Would the military then seek to retaliate against Nixon and his attempts to change in significant ways the foreign policy of the United States, moving toward détente with the Soviets and toward recognition of China, while pronouncing the Nixon Doctrine which was geared to demilitarizing US foreign policy, ala’ leaving Vietnam without a victory? Even if the military did not adopt such an agenda, it must be said that where the US is today, where its military is today – beyond almost all reproach – indicates that, even without trying, the military has achieved a level of power that if not superior to at least rivals the power of civilians.

Wednesday, December 2, 2020

"An Intelligence Failure of Historic Proportions"


“An Intelligence Failure of Historic Proportions”

Peter Schultz


            It was “an intelligence failure of historic proportions.” John Kiriakou, former CIA officer and author of The Convenient Terrorist.


            A quote from the book The Watchdogs Didn’t Bark, by John Duffy and Ray Nowosielski, regarding Bush and Tenet after Tenet had presented the CIA’s proposed plans for responding to the 9/11 attacks:


            “Did Bush have any anxiety about the leverage Tenet had over him, having laid out a series of warnings about Al Qaeda in the previous months, resulting in little offensive action from the leadership that received it? Bush didn’t need enemies. He needed friends.” [p. 107]


            It has been a question frequently raised after the 9/11 attacks why the CIA didn’t inform the FBI or the White House about the presence of two known terrorists in the United States until shortly before those attacks. The CIA claims either they did inform the FBI or they didn’t, but it’s a mystery why there is no evidence of such information being passed or why it wasn’t passed. One common speculation is that the agency was running an operation involving these terrorists and didn’t want that operation interfered with. But here now is another possibility: That CIA, by not revealing all it knew, could mislead the FBI and the White House as to the likelihood of such attacks while claiming they had warned others. Then, if and when the attacks occurred, the CIA would be in the driver’s seat, so to speak, as that organization that was on top of things, thereby guaranteeing that their plans regarding a response to the attacks would be adopted. Which is what happened on September 17th, after Tenet had presented the CIA’s proposals at Camp David to Bush and his cabinet on September 15th.


            If so, Kiriakou’s description of the lead up to 9/11 as “an intelligence failure of historic proportions” would be precisely the description the CIA was going for at that time. So, in the midst of what looks like a historic intelligence failure, the CIA comes out smelling like roses and has its way in the aftermath. As a result, the CIA’s document “Destroying International Terrorism” which was “a wish list accumulated from decades of CIA directors’ and employees’ wildest dreams” would become the heart and soul of the US’s response to 9/11. This would constitute “a striking [program] that was a substantive departure from all prior US policy.” [p. 102, 103-04] All restraints would be abandoned and, as a result, “illegality would become official American policy.” Further, according to Tenet, “in dozens of countries…, there was a need for a host of covert activities, from propaganda to killings….Tenet asserted that a terrorist assassination list should be developed and updated by his counterterrorist staff.”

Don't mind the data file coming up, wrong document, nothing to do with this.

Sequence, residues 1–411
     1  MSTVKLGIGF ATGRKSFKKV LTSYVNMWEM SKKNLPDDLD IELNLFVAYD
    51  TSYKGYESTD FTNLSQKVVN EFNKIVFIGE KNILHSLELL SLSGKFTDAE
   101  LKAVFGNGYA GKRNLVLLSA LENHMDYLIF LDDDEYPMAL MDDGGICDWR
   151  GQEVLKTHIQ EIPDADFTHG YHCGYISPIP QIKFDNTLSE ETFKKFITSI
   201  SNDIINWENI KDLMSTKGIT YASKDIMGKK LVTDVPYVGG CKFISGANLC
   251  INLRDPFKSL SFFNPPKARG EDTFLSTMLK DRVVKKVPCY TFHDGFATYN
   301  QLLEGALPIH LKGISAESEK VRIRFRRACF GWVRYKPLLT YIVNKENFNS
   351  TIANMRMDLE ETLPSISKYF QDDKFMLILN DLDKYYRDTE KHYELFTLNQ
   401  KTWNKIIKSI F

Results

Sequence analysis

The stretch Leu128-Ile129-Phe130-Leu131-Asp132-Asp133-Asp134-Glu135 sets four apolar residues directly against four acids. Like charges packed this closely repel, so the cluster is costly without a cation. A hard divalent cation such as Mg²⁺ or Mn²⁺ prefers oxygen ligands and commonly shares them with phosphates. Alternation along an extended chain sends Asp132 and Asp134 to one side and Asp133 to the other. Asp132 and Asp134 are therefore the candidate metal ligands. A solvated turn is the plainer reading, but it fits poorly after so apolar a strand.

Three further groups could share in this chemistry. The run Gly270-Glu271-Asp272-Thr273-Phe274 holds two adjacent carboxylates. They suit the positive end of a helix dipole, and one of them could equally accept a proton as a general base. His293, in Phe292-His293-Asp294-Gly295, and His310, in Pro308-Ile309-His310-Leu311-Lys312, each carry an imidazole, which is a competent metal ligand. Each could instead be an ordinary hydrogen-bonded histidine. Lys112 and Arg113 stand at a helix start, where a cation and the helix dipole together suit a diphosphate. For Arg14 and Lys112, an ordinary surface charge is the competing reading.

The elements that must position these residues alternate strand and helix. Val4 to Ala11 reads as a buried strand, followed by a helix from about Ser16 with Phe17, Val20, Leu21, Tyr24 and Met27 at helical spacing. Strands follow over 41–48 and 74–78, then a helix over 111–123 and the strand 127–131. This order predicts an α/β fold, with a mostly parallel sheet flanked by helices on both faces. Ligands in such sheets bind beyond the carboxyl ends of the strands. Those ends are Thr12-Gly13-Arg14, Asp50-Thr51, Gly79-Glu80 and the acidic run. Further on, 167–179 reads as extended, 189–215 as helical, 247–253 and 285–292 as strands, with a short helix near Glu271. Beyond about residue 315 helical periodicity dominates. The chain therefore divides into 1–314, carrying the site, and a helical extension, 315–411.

As Tenet himself said, in selling his proposals: “Nobody knew this target like we knew it. Others haven’t been paying attention to this for years as we had been doing. And nobody else had a coordinated plan for expanding out of Afghanistan to combat terrorism across the globe….” [p. 106] Of course, Tenet’s claim that no one else knew the enemy like the CIA did was true in part because the CIA kept others from knowing what the CIA knew. And for similar reasons, others hadn’t been paying attention as had the CIA.


            To call what preceded the 9/11 attacks “an intelligence failure of historic proportions” is both true and the perfect cover up of what the CIA had and had not been doing during that time. For a long time, many have said that CIA’s greatest cover up is selling itself as an intelligence-gathering agency. It seems that its cover up of its activities prior to 9/11 ranks up there with its cover up as an intelligence agency.